Twitter has reduced the number of accounts one can follow in a day from 1,000 to just 400 in a bid to further boot spammers off the platform.
The idea with the new limit is that it helps prevent spammers from rapidly growing their networks by following then unfollowing Twitter accounts in a “bulk, aggressive or indiscriminate manner” — something that’s a violation of the Twitter Rules.
The platform announced the news through its Safety account saying
Follow, unfollow, follow, unfollow. Who does that? Spammers. So we’re changing the number of accounts you can follow each day from 1,000 to 400. Don’t worry, you’ll be just fine.
— Twitter Safety (@TwitterSafety) April 8, 2019
Most recently also banned a number of services from its API for doing this same thing. Notably, at the begging of the year, the company also banned several apps that facilitated mass following.
To really take on the spammers, the limits around how many people Twitter users can follow also had to be changed at the API level.
However, some people believe Twitter hasn’t gone far enough with today’s move.
In response to Twitter’s tweet about the new limits, several have responded to ask why the number “400” was chosen, as that is still far more than a regular Twitter user would need to follow in a single day.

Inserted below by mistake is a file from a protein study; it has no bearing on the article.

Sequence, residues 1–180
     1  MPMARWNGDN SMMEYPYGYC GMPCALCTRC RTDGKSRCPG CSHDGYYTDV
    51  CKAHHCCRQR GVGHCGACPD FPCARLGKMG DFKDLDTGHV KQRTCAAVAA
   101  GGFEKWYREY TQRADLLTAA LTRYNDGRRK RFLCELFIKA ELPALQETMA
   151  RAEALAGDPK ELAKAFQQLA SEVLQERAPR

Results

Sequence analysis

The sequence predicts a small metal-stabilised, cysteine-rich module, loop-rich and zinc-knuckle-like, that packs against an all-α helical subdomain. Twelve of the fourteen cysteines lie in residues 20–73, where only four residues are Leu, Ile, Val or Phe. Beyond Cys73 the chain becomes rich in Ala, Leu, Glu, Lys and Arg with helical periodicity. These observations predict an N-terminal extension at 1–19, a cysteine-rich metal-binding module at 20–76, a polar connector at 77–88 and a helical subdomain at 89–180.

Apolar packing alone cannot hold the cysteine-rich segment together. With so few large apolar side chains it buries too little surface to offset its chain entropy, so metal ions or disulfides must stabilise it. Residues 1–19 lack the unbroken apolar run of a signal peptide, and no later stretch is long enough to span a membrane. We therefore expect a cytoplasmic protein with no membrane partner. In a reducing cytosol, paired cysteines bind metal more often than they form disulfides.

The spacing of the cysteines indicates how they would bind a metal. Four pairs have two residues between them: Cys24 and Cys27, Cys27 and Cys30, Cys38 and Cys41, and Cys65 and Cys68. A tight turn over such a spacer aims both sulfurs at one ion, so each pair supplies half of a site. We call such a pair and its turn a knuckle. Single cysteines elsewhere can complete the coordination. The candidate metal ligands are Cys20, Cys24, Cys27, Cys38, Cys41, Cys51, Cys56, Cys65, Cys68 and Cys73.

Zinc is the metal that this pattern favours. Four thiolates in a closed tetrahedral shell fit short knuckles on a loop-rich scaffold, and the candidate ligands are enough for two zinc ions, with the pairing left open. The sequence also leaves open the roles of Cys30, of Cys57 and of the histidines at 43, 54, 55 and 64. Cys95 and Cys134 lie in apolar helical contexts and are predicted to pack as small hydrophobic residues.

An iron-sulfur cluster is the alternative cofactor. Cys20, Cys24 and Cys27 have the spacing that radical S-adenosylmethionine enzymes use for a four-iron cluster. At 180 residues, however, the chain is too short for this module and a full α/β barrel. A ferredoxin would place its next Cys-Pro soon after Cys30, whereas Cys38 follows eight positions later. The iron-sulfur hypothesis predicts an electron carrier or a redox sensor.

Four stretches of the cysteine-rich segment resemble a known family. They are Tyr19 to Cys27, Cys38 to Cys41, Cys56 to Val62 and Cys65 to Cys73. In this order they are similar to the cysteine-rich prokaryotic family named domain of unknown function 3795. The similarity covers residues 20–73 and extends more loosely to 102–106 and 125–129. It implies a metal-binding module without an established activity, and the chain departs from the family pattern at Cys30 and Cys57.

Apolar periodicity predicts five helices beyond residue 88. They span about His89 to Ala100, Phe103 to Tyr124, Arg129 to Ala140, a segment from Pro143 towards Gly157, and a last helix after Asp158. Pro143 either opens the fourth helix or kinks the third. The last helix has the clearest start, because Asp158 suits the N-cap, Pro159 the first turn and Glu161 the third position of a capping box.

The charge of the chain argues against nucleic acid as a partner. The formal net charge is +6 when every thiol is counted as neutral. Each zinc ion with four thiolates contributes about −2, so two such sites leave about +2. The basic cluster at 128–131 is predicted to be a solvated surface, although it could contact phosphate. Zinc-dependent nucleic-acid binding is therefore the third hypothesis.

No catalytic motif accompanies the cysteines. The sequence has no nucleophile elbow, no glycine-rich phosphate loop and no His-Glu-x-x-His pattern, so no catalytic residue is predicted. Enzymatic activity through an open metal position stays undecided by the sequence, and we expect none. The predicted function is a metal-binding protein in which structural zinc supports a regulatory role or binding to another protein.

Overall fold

Some users said it took years to get to the point of following hundreds of people. Meanwhile, the business use case for following 400 people is somewhat debatable, as DMs can be left open and companies can tweet a special URL to send customers to their inbox to continue a conversation — no following or unfollowing needed on either side.
It took me ~7 years to follow 400 people lmao
— Steven | ZeRoyalViking (@ZeRoyalViking) April 8, 2019
These new limits and the spam dealer crackdown aren’t the only changes the platform has taken in recent months to tackle the spam problem on its platform.
The company also updated its reporting tools to allow users to report spam, like fake accounts; and it introduced new security measures around account verification and sign-up, alongside other changes focused on more proactively identifying spammers. Last summer, Twitter also purged accounts from people’s follower metrics it had previously locked for being spammy.
Combined, the series of actions is designed to make spamming Twitter less attractive and considerably more difficult to scale. This impacts not only those who use spam for capital gain but also the new wave of fake news peddlers looking to topple democracies and disrupt elections — something that now has the U.S. government considering increased regulations for social media.
The short-term impact of these changes could be a drop in Twitter’s monthly user but it’s a bet on the long-term health of the platform instead.
Source Tech Crunch